US President Barack Obama and European Union leaders meeting at a joint US-EU summit in Lisbon reiterated calls on Saturday for world economies to avoid launching a round of competitive currency devaluations in a bid to boost exports.
AFP - US President Barack Obama and European Union leaders called on major economies once again Saturday to avoid waging a war of competing currency devaluations.
The two economic powers met at a time of global market concern over the fragile state of indebted European economies, amid fears that countries may fight to lower their currencies' values to boost exports.
In a news conference after the summit, Obama took a veiled stab at economies such as China's, which he has blamed for suppressing the yuan's value despite a bulging trade surplus.
"We reaffirmed the need for currencies that are market driven and for countries with large surpluses to boost domestic demand," he said, after talks lasting less about 90 minutes.
Obama met with EU president Herman Van Rompuy, European Commission president Jose Manuel Barroso, US Secretary of State Hillary Clinton and the EU's foreign policy chief Catherine Ashton.
In a joint statement, they called on the industrialised and major developing economies of the G20 to "avoid competitive devaluation or exchange rate policies that do not reflect underlying economic fundamentals".
A week earlier at a G20 summit in Seoul, Obama had launched an offensive on the Chinese yuan, which critics say is kept deliberately cheap to support Chinese exporters at the expense of US jobs.
In turn, China and other export titans such as Germany had criticised the US Federal Reserve for injecting 600 billion dollars into the US economy and effectively depressing the dollar.
In Lisbon, Obama said United States had learned the lesson over the past several years that every economy was linked.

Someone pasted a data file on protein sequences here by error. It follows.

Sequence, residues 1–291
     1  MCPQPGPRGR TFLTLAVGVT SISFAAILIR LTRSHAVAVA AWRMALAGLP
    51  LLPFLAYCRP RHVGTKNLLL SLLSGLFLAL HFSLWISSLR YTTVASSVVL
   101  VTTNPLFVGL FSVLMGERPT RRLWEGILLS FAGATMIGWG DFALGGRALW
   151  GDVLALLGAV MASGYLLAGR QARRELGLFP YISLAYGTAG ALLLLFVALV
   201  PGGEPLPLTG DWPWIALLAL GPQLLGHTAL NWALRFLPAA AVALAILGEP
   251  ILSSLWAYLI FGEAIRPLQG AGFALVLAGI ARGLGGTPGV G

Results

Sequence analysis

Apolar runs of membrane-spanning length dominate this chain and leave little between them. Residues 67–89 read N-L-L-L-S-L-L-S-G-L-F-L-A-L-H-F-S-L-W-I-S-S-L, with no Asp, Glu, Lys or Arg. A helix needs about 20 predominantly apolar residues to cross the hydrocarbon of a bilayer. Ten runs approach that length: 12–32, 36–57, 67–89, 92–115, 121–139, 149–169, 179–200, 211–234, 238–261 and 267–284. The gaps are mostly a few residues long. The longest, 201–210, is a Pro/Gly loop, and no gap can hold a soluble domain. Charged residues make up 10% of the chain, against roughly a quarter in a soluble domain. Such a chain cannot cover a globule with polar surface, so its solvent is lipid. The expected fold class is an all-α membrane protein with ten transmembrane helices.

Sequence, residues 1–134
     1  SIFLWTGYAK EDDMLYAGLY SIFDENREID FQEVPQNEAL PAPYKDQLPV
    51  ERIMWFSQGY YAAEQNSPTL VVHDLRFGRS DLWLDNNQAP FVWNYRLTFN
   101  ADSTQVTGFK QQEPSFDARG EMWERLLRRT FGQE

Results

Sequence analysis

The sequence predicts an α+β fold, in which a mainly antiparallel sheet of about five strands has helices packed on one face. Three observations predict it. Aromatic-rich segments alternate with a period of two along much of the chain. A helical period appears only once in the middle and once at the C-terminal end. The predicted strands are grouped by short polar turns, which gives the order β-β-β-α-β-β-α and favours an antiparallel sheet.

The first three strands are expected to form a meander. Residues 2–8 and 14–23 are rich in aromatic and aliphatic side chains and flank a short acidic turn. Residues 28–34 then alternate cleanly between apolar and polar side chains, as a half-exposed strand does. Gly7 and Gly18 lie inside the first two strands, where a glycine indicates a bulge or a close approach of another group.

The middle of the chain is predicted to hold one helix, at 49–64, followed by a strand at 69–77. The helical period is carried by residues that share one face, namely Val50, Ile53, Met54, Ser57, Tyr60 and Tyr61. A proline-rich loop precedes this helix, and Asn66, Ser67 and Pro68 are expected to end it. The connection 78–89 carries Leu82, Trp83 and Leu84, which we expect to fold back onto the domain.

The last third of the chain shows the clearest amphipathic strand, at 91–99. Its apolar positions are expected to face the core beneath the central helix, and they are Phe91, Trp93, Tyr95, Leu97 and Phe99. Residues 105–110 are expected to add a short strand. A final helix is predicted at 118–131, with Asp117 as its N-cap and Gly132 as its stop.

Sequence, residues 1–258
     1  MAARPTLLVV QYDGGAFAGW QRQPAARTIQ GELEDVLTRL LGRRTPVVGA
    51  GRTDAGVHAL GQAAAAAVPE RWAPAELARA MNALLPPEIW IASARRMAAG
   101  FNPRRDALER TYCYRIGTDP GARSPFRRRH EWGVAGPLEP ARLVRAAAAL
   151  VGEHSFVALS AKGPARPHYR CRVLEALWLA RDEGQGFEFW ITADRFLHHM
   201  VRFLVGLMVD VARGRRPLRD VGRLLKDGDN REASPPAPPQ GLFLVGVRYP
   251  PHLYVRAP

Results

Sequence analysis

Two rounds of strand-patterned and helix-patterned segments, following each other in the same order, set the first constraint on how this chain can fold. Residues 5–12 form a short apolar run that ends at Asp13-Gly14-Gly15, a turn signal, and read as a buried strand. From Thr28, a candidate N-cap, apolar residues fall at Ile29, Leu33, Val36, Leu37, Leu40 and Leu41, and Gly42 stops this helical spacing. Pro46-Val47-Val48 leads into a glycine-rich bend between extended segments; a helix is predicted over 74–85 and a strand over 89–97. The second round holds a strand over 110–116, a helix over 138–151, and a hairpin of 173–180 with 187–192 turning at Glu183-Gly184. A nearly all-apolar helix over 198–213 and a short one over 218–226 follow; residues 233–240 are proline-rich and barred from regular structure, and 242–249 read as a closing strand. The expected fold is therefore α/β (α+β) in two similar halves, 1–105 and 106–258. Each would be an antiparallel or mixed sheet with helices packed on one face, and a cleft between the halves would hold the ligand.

"Obviously as the world's largest economy what happens in the United States is going to have a profound impact on Europe. The same is true, by the way, in the reverse direction."
The United States believed that the Greek debt crisis in early 2010 had knocked the US economic growth trajectory off course, he said.
"Growth was moving at a stronger pace right before the issues of sovereign debt in Greece came up in the spring of this year," he said.
"And when that happened, not only did that cause a significant dip in our stock market, but a lot of companies contracted in terms of their investment plans because they were uncertain."
Obama said the most important thing he could do for Europe was to ensure growth in the US economy.
"It is a difficult task," he added.
"Historically what happened is when have you a financial crisis, the recession that follows is more severe and long lasting than a normal business cycle crisis would be. And we are, I think, digging out of a hole of debt and deleveraging."
Obama tried to soothe concerns in Europe that Washington's priorities have shifted to the major powers in the Asia-Pacific region.
"America's relationship with our European allies and partners is the cornerstone of our engagement with the world," he said.
Both were a catalyst for global cooperation on job creation, economic recovery, and preventing nuclear proliferation, the US leader said.
"The United States has no closer partner than Europe. And we are not simply united by shared intersts, we are united by shared history, by shared democratic values, a shared set of traditions that have endured for generations."
Date created : 2010-11-20